now, i've also looked into resources on women who have had abortions. it impresses me that relinquishing a child after birthing it is emotionally, psychologically, and physically traumatic for biological reasons; the hormonal connectivity developed during prolonged pregnancy and during and after birth.

comparing that to the obvious feelings of guilt, shame, fear, isolation, confusion, anxiety, and myriad other emotions which are not the result of the same, but a consequence of being unable to reconcile their religious beliefs with the choice they felt they needed to make.

but it must have been a pretty compelling need, to make them go against their personal beliefs and that of their family to go through with it. it's a shame anyone ever has to, for whatever reason, but it's better than any alternatives that exist today, as i see it. less suffering in the long run. bigger picture, you'd say.

 
Better. Rational arguments work. Still unconvinced anything shown is worse than DEAD.

the increase in suicide rates of adopted children and those mothers who relinquish them would disagree with you.

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Old 04-05-2012, 08:22 PM   #1085
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  Originally Posted by Seablue
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What is it then?

Yes, please do.

Do try to stay on topic. Only pro-choice are mentioning God as some placebo argument to cover their failed logic.

  Originally Posted by Seablue
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The right to choose for yourself. Not the right to force anyone else to have an abortion.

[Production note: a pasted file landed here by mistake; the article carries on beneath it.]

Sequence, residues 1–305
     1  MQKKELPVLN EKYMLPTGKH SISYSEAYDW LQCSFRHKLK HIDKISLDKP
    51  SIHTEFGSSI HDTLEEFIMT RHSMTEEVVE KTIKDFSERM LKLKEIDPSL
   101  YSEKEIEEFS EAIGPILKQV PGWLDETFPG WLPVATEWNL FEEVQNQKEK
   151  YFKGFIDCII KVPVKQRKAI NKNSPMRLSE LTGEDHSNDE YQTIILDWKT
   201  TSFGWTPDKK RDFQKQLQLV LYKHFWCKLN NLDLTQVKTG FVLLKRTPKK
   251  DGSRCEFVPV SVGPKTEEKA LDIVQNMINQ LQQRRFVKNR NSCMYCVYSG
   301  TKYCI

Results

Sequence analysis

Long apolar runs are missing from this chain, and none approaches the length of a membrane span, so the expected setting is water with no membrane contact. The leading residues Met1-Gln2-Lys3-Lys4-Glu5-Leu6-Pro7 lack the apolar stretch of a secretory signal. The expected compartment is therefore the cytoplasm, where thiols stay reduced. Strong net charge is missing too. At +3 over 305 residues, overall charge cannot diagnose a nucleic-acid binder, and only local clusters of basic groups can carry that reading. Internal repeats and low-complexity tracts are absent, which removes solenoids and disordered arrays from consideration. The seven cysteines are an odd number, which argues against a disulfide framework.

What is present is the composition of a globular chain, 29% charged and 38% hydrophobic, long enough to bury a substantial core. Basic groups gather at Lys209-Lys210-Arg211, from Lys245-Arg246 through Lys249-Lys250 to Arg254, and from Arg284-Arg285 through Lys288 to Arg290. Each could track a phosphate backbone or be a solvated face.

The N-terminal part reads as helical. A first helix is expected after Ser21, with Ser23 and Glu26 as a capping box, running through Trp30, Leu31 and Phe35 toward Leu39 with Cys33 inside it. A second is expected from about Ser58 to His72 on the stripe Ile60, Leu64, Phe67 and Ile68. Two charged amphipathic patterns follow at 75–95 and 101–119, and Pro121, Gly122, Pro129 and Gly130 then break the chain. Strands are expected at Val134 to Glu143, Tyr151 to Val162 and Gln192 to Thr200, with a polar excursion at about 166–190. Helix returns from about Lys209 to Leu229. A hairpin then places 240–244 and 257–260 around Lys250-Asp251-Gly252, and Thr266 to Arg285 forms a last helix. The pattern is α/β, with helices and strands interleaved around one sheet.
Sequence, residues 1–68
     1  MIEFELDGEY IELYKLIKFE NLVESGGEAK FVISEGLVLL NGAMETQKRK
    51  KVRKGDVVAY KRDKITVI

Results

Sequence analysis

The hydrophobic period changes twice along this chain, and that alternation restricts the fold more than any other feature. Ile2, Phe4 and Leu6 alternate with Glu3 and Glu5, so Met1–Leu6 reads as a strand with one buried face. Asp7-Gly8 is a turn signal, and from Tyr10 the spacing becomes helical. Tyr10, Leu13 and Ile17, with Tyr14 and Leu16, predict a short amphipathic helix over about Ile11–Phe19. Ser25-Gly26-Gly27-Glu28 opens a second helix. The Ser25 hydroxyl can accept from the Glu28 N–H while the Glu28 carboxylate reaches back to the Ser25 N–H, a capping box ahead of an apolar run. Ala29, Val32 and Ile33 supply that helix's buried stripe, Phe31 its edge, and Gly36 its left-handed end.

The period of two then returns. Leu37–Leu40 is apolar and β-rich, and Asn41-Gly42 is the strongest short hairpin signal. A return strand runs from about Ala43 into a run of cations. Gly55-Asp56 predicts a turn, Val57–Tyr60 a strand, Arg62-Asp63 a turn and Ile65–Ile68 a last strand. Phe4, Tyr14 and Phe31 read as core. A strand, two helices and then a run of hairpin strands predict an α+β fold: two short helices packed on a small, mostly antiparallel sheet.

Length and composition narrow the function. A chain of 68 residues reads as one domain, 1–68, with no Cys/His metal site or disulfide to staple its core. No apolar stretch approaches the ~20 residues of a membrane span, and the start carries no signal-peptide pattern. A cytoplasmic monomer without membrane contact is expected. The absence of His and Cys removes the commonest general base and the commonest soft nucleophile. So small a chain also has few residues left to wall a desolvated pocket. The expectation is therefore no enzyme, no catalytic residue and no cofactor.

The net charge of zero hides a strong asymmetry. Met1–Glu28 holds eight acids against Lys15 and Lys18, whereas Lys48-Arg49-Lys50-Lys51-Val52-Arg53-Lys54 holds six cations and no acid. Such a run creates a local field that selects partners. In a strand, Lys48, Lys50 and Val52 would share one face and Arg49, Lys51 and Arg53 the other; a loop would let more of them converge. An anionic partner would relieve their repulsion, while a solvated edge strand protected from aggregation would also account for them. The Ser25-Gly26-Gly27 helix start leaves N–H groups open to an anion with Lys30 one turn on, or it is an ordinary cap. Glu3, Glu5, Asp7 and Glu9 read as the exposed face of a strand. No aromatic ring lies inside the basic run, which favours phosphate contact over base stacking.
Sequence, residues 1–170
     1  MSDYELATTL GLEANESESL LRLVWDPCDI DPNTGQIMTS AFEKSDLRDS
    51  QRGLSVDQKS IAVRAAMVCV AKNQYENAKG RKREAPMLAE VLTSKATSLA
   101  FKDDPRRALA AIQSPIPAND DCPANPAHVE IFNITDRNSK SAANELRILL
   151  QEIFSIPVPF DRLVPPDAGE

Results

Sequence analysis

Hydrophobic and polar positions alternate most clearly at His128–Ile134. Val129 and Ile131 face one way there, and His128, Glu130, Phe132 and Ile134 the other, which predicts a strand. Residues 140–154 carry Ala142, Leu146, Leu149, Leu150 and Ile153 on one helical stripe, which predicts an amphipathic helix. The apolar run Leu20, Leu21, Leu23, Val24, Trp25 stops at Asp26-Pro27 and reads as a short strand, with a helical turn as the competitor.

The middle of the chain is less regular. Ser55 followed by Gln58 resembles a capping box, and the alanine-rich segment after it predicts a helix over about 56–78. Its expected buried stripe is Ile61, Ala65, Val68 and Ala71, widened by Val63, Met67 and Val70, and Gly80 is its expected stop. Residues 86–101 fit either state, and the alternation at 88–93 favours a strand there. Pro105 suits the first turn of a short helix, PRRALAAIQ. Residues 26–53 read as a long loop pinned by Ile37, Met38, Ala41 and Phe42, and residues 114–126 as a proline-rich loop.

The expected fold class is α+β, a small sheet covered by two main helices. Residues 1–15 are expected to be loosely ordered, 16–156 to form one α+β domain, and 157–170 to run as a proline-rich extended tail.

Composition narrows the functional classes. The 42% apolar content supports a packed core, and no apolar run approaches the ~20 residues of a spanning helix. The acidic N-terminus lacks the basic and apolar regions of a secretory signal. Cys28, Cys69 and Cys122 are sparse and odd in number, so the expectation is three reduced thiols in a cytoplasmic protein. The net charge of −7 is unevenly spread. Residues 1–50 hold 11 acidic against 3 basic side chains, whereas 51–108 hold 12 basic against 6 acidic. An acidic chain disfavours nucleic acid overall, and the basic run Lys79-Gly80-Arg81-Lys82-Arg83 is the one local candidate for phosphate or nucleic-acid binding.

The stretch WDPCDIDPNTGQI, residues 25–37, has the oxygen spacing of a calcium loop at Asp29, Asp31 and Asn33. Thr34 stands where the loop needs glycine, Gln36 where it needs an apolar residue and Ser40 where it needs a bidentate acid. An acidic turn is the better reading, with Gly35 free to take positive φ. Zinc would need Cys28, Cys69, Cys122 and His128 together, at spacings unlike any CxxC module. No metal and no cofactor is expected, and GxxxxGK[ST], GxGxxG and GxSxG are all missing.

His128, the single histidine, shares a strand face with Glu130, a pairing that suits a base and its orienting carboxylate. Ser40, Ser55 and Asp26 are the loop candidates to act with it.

Being a creature of logic, you'll have to explain why every injustice including filicide should be an option in this world. Especially since neither court nor science supports that option as an absolute. By any reasonable impression your only support lies in Godhate. Just scroll back. Who is the first one to mention God every single time? Pro-choice. You only exist here to prove your point, not serve any "noble cause" of justice. That's why you're impervious to all logic and reason. That's why Godhate is your first and fastest coping mechanism. I have been told to keep morals and God out of it over a dozen times, and you will never once find me use either in any argument.

  Originally Posted by Seablue
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  Originally Posted by Vogon Poet
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It should be obvious what a double-standard you express when you fight for a "right to choose" (a moral value), and fight against a "right to life" by screaming "MORALS ARE BAD, THERE IS NO GOD, MY BELIEF WINS!!!

But please. Do try to argue against the right to choose. I bet you can't. I bet you can only argue against the right to make this choice.

Roe v. Wade.